Roker Park is one of the oldest parks in the City of Sunderland, and one of the biggest. It is also jammed full of historical remnants of the Victorian Era in which it was built. I has so much fun researching for this post, and hope I have done it justice!
I just want to be clear, that this post is about the actual park and not the former Sunderland AFC stadium as so many of the searches I put in came back with football related results. So if you are here looking for the old stadium, you’re in the wrong place!
It sits in what was once Roker Dene and because of the steep terrain, it was the last bit of green space in the area at the time of being built.
The land was donated to the city by Sir Hedworth Williamson, 8th Baronet. He was an Eton College educated man who was a member of the liberal party. Later in his political career he was elected MP for North Durham and went on to be appointed High Sheriff of Durham in 1877. The park was opened only 3 years later in 1880.
The land covers an area of just over 25 hectares so it is a pretty big space. The park sits on two main levels. The eastern side being sea level and connected to the promenade which was built a few years before the park during a recession, the west being level with the cliff tops is where the majority of the park sits. One of the conditions of Williamsons donation of the land to build the park was that there be a road built over the dene to connect the south to the north sides of Roker at the front of the cliffs. This is now the main road along the seafront. I cannot imagine what it would be like here without it!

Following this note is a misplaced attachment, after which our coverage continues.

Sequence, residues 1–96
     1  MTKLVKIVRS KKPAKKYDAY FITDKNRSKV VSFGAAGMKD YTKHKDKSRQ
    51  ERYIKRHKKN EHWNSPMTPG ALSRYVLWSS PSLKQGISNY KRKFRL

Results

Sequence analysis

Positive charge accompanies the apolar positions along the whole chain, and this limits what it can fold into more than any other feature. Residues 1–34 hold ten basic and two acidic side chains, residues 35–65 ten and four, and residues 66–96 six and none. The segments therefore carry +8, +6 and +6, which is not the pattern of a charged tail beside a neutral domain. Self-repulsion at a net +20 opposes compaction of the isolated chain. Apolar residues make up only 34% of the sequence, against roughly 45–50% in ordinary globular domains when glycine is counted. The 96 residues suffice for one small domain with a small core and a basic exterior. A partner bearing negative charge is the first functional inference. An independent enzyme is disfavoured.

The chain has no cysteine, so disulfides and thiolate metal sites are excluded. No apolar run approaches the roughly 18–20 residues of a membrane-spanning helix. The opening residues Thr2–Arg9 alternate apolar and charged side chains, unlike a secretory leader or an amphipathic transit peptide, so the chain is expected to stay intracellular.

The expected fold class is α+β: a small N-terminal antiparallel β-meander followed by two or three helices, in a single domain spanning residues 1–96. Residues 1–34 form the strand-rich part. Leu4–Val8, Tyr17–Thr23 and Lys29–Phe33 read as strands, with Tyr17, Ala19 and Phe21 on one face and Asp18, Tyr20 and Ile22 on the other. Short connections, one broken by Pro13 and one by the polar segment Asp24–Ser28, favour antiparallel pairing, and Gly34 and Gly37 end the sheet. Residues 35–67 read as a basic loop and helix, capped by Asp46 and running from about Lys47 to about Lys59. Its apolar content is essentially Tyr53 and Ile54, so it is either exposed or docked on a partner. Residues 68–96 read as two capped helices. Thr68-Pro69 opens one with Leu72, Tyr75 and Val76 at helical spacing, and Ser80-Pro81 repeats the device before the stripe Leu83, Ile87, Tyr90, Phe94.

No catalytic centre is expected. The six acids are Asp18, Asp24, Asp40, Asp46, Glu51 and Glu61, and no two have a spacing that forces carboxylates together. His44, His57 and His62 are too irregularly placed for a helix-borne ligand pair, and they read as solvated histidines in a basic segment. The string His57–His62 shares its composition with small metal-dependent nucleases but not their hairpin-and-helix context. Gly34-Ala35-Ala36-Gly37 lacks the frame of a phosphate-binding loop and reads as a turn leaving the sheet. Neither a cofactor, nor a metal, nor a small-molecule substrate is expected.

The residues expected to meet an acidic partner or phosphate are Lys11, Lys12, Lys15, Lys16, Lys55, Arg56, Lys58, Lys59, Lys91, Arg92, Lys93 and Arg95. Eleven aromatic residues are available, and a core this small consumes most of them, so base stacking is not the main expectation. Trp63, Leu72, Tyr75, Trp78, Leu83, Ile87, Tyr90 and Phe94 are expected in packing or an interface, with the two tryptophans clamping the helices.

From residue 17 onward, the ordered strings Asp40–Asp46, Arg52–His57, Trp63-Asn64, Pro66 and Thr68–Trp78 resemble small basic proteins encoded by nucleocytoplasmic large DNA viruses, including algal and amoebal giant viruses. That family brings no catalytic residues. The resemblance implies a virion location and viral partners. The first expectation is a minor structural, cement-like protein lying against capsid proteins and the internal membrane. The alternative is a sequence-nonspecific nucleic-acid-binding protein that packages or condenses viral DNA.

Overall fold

Perhaps one of the greatest assets of the park are the various reminders of the great history is has. The bandstand is one of the more prominent icons of Roker Park. It was built with the park and has been here since the beginning. It is made of cast iron, wood for the base and other metals for the roof. Bandstands are a huge part British history, and at one point there were over 1500 in the country. However, many were lost during WW2 or they stopped building them because of how much materials went into them. This one in Roker is grade 2 listed, as many of the surviving ones across the country are.
There are other notable assets in the park. The water fountain which commemorates the gift from Williamson, the tennis courts, the bowling green, and of course the boating lake (model boats, not actual boats, just encase anyone else got confused when they saw that!). The lake is another beautiful part of the park. There are loads of places to sit around it and feed the ducks. Although the last time I went the lake was frozen over, so cold bums all round!
One of my earliest memories was going to the park as riding on the model train track. Of course it is not running right now, but in none covid times it is very fun for kids (or it least it was for me back in 2003 ish). The track was opened back in the 1940s and has been running regularly since 1983. The tracks are owned by the City of Sunderland Model Engineering Company and usually run on weekends. There is no cost, it is all funded by donations which I never knew until researching for this post.
Of course now, the park is possibly more famous for its Roker Illuminations in the Autumn which bring thousands to the region. Visiting for this reason is one of my most prominent memories of the park and I know for a lot of people my age it will be. I really hope they bring them back for 2021 (covid permitting) as they really allow the park to be shown off.
The park has a great number of features that are a reference to its heritage and it does play a huge part on the story of the cities history as a whole. I have really enjoyed researching for this post and I hope you enjoyed it too. If you have any more information about the history of the park that I didn’t include please let me know!
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Stay Safe, Happy Adventuring
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